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Clinical Engineering: A Career Guide for High School Students

Updated: May 12, 2023

A clinical engineer is responsible for applying engineering principles and techniques to healthcare technology and medical equipment, with the goal of improving patient outcomes and safety. They work in a variety of healthcare settings, such as hospitals, clinics, and medical device companies.

Some specific tasks that a clinical engineer might perform include:

  1. Designing and testing new medical devices or systems

  2. Maintaining and repairing medical equipment, such as MRI machines, ultrasound machines, and defibrillators

  3. Evaluating and selecting new equipment and technologies for purchase

  4. Ensuring that medical equipment is safe and effective for patient use

  5. Training healthcare professionals on how to use medical equipment properly

  6. Developing and implementing policies and procedures for the use of medical equipment

  7. Conducting risk assessments and safety testing on medical equipment and systems

Overall, the job of a clinical engineer is to bridge the gap between medicine and technology, ensuring that medical equipment is functioning properly, safely, and effectively to support patient care

Video by cottonbro studio

If you are interested in both engineering and healthcare, a career in clinical engineering might be a great fit for you. Clinical engineers work to improve patient outcomes by applying engineering principles to healthcare technology and medical equipment. In this article, we will explore the university requirements, potential employers, salary, and career trajectory for clinical engineers.

University Requirements To become a clinical engineer, you will need to earn a Bachelor's degree in Biomedical Engineering, Electrical Engineering, or a related field. Some universities also offer a specific Clinical Engineering program, which may be a good option if you know this is the career path you want to pursue. Courses that will be important for you to take include anatomy, physiology, medical instrumentation, and healthcare technology management. After completing your undergraduate degree, you may choose to pursue a Master's degree in Clinical Engineering, which will give you a more in-depth understanding of the field and may help you advance more quickly in your career.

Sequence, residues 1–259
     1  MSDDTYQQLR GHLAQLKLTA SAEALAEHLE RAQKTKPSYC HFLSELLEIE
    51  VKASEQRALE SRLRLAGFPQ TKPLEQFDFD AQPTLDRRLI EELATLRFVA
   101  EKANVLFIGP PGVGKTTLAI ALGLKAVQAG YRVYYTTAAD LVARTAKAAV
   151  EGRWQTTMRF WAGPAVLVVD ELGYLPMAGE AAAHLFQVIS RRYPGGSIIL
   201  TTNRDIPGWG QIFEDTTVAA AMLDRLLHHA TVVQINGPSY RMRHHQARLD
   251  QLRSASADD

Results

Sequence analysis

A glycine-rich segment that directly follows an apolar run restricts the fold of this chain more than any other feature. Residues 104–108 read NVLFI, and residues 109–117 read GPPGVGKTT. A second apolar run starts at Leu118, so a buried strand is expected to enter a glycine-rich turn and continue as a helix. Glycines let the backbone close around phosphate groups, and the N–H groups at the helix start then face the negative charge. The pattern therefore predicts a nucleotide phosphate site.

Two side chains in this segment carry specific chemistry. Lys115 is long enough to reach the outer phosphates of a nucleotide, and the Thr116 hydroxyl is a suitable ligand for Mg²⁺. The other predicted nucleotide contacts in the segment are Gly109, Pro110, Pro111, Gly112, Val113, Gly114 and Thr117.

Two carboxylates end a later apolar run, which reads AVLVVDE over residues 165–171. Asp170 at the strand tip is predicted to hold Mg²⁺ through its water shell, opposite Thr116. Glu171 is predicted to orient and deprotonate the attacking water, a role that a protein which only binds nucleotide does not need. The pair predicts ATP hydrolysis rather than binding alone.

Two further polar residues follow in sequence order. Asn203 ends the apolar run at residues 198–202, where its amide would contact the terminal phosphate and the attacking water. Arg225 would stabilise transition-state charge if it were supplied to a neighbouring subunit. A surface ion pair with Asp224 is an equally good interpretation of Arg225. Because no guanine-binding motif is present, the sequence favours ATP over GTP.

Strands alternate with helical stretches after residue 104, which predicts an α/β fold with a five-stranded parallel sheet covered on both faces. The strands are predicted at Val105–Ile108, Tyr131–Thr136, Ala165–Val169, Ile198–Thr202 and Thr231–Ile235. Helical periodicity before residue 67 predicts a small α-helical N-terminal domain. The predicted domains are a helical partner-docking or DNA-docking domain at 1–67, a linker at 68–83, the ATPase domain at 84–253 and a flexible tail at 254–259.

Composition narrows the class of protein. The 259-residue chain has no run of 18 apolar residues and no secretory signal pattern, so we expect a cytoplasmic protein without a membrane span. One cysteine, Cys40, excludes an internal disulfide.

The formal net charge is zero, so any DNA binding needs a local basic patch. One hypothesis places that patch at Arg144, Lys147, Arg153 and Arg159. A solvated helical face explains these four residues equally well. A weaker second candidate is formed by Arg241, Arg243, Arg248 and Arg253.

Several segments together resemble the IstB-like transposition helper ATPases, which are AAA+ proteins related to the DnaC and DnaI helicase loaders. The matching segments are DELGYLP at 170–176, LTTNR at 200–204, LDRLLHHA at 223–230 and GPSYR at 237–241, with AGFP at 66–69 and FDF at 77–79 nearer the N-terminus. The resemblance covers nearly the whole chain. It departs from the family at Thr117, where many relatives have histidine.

Potential Employers Clinical engineers work in a variety of healthcare settings, including hospitals, clinics, and medical device companies. You may also find opportunities in government agencies or consulting firms that specialize in healthcare technology management. Some of the potential employers in this field include:

  1. Hospitals and clinics

  2. Medical device companies

  3. Government agencies, such as the Food and Drug Administration (FDA) or the National Institutes of Health (NIH)

  4. Consulting firms that specialize in healthcare technology management

Salary According to the Bureau of Labor Statistics, the median annual salary for biomedical engineers, which includes clinical engineers, was $92,620 in May 2020. However, salaries can vary depending on the employer, location, and level of education and experience. Clinical engineers with a Master's degree and several years of experience may earn a higher salary than those with only a Bachelor's degree and less experience.

Career Trajectory As a clinical engineer, there are a variety of career paths you can pursue. Some potential options include:

  1. Healthcare Technology Manager: In this role, you would be responsible for managing the healthcare technology in a hospital or healthcare system, ensuring that it is functioning properly, safely, and effectively.

  2. Medical Device Designer: In this role, you would design and develop new medical devices or improve existing ones to improve patient outcomes.

  3. Quality Control Engineer: In this role, you would be responsible for ensuring that medical devices and healthcare technology meet safety and quality standards.

  4. Research and Development Engineer: In this role, you would conduct research and development to create new healthcare technology or improve existing technology.

Overall, a career in clinical engineering can be both challenging and rewarding. By applying your engineering skills to the healthcare field, you can make a difference in the lives of patients and help improve the overall quality of healthcare.

Do you have STEM Careers you would like to learn about? drop us an email we will help your explore all those as well.

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